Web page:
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From the Desk of the CEO – February 2019 Newsletter Address

We have kick-started the third year of activity at Sustainable Skills and we are excited about all the business opportunities currently in the pipeline.

Our teams of Sustainable Skills TVET experts are doing a fantastic job working on two crucial projects: the Head of School Skill Development Program in Fiji  and the Due Diligence and Technical Evaluations Program in Uganda.

We are now focussing our efforts on a number of potential projects  in countries, such as Indonesia and Vietnam, which are looking at the Australian TVET model as their preferred choice to set up effective national vocational education systems.

In August 2018 in Hanoi, during the Vietnam Renewable Energy Week, I met with Nguy Thi Khanhmain, Executive Director of Vietnam’s Green Innovation and Development Centre (GreenID), a Vietnamese not-for-profit organisation promoting sustainable development for the citizens of Vietnam and the larger Mekong region that is based on green and innovative technologies and methods and improved governance of the environment and natural resources.

Ms Khan is one of the founders of GreenID as well as an environmental activist, who has been working for the socially just development of Vietnam and Southeast Asia for almost 20 years. She has recently been awarded the 2018 Goldman Environmental Prize – the world’s largest award for grassroots environmental activists – for her work to push Vietnam’s energy transition. She started working with indigenous communities in the mountains area of Vietnam, focussing mainly on local development and women’s empowerment before diving into energy development and advocating for a more participatory approach around hydropower development in the Mekong region.

GreenID works to achieve fundamental change in the approach to sustainable development by promoting the transition to a sustainable energy system, good environmental governance and inclusive decision processes.

In the last few years, GreenID has carried out many in-depth analysis of Vietnam’s energy system in various aspects aimed at the sustainable development of the energy industry. The aspects analyzed include the development of coal and the effects of this type of energy on the environment, air and human health.

Focussing on the potential of saving and using energy efficiency by households, industry, and power plants, GreenID has introduced some initiative about renewable energy, both domestic and international, to apply in Vietnam’s situation. At the community level, GreenID is implementing decentralized renewable energy solutions that take advantage of available local energy resources to replace harmful energy resources such as coal and oil. In the context of Vietnam’s import of coal for future power generation, green solutions not only reduce health impacts, but also reduce dependence on imported energy and even create opportunities for employment and a new growth model for the Vietnamese economy.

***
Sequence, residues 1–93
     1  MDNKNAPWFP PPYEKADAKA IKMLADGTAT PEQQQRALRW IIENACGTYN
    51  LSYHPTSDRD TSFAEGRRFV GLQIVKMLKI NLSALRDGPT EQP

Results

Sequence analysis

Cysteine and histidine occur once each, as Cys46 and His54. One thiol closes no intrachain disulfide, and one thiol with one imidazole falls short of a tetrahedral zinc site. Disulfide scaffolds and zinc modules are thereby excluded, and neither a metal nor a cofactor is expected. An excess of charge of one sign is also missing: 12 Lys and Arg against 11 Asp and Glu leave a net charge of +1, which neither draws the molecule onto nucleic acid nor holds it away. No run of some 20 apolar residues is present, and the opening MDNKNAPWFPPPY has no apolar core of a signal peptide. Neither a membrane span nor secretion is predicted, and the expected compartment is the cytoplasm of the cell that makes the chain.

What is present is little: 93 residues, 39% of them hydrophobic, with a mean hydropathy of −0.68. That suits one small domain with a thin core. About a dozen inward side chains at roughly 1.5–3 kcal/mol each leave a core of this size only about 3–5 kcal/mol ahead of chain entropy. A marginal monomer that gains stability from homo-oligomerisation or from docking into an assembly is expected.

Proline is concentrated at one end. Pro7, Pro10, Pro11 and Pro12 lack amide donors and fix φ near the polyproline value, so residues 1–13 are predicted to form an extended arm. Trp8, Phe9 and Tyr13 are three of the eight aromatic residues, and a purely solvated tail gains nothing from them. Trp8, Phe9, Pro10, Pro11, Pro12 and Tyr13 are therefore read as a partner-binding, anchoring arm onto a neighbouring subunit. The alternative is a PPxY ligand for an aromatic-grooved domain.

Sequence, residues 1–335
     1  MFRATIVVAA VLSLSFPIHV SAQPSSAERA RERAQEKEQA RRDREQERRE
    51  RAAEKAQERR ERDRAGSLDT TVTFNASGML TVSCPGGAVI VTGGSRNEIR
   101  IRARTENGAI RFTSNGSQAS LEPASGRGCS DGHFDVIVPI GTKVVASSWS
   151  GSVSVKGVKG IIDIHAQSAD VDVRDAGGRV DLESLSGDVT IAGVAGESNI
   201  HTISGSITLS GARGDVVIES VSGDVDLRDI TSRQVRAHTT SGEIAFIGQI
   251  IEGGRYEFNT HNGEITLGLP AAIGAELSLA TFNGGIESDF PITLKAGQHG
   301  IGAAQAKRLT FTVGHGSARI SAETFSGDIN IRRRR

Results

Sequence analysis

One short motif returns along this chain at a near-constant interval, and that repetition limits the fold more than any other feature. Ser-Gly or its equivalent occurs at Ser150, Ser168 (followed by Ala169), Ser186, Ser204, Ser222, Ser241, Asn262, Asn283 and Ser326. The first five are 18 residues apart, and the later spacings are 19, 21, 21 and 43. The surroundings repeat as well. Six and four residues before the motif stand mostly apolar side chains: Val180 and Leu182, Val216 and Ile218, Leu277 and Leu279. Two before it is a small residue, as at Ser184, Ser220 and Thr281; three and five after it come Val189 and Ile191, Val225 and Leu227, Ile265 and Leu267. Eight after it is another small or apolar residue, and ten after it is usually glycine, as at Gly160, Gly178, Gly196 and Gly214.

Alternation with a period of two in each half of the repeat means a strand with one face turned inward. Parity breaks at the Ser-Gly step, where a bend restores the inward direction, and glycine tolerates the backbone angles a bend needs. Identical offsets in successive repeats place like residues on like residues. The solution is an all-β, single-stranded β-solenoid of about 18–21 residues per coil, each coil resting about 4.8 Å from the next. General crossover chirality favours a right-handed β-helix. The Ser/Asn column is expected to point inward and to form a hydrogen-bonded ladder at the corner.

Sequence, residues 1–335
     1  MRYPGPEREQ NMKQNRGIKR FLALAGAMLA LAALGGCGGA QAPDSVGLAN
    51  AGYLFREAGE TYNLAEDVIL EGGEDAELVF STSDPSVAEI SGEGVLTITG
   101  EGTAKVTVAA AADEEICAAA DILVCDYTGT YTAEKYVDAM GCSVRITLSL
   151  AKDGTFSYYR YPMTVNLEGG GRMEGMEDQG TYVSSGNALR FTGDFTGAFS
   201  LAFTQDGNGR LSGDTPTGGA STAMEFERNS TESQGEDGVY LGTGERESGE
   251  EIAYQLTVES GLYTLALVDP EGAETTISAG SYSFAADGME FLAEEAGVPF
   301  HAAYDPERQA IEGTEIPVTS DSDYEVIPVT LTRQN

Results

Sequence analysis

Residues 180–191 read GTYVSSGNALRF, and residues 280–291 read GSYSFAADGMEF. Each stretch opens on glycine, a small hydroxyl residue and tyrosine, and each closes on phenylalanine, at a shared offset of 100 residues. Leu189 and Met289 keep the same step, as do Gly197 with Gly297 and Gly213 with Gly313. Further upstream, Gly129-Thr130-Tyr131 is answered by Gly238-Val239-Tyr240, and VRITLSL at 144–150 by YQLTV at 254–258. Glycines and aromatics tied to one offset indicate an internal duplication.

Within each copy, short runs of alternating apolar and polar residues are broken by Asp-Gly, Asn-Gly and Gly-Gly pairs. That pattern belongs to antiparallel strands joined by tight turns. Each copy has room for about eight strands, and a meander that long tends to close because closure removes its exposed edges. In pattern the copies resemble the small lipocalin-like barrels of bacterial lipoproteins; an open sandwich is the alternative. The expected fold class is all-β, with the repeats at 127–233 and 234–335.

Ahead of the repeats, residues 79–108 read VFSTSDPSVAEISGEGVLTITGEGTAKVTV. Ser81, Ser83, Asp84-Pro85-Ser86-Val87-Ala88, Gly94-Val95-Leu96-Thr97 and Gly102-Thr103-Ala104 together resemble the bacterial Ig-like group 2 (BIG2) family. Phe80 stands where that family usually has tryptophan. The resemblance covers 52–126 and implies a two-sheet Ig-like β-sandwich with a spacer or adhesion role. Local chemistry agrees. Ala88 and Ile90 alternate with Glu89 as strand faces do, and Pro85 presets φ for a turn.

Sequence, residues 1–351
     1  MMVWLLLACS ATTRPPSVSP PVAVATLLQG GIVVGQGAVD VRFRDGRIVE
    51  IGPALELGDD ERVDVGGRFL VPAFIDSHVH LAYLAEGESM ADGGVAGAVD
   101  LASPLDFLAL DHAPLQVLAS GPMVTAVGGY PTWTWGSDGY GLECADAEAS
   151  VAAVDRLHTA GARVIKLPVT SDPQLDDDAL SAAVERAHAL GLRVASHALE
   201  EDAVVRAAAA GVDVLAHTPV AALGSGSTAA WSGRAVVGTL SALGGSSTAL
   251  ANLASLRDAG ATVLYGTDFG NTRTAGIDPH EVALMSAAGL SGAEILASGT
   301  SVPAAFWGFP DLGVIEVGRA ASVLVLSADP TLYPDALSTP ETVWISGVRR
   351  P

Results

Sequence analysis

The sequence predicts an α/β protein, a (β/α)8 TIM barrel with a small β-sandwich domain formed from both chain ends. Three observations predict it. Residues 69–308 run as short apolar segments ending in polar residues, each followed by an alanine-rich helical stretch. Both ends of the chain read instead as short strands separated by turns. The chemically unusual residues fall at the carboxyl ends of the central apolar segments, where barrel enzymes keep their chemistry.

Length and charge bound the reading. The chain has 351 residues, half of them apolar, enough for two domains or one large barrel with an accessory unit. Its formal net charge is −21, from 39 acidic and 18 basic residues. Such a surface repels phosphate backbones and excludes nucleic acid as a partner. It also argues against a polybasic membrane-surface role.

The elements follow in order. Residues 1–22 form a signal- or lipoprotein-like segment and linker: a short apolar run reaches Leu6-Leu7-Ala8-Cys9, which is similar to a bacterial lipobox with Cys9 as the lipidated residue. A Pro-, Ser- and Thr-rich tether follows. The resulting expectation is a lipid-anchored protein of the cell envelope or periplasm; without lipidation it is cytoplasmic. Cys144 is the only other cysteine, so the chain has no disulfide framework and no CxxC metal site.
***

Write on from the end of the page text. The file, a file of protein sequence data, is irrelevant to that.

In this scenario, we are exploring how Sustainable Skills can assist GreenID in the development and execution of a training strategy to effectively build local skills in the renewable energy sector.

This month, we’ve launched an amazing opportunity to help you starting your next course by offering 20% off all resource kits, learning and assessment resources, and foundation skills assessment kits suitable to train and assess workers in the Resources and Civil Construction industries.

Don’t miss out on this chance, the offer ends on 4 March at 11:59pm.

 

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From the Desk of the CEO – December 2018 Newsletter Address

Welcome to the last newsletter of the year 2018 before we break for  two weeks Christmas holiday. I would like to take this opportunity to retrace the last two years of activity, since the SkillsDMC Board determined to remodel SkillsDMC into Sustainable Skills, a not-for-profit international consultancy that develops, supports and assists effective technical and vocational education and training (TVET) systems worldwide.

Our first year of activity was focussed on exploring and developing new business opportunities across different areas, building a team of highly qualified TVET consultants, and recruiting board directors able to reflect the new scope of our business across a broad range of industrial sectors worldwide. In 2017, a significant milestone was achieved as we have been officially awarded a two-year consultancy contract sponsored by the World Bank to address skills imbalances and shortages in Uganda. The client of the contract is the Private Sector Foundation Uganda (PSFU) and this is the first non Australian government contract in the history of Sustainable Skills/SkillsDMC.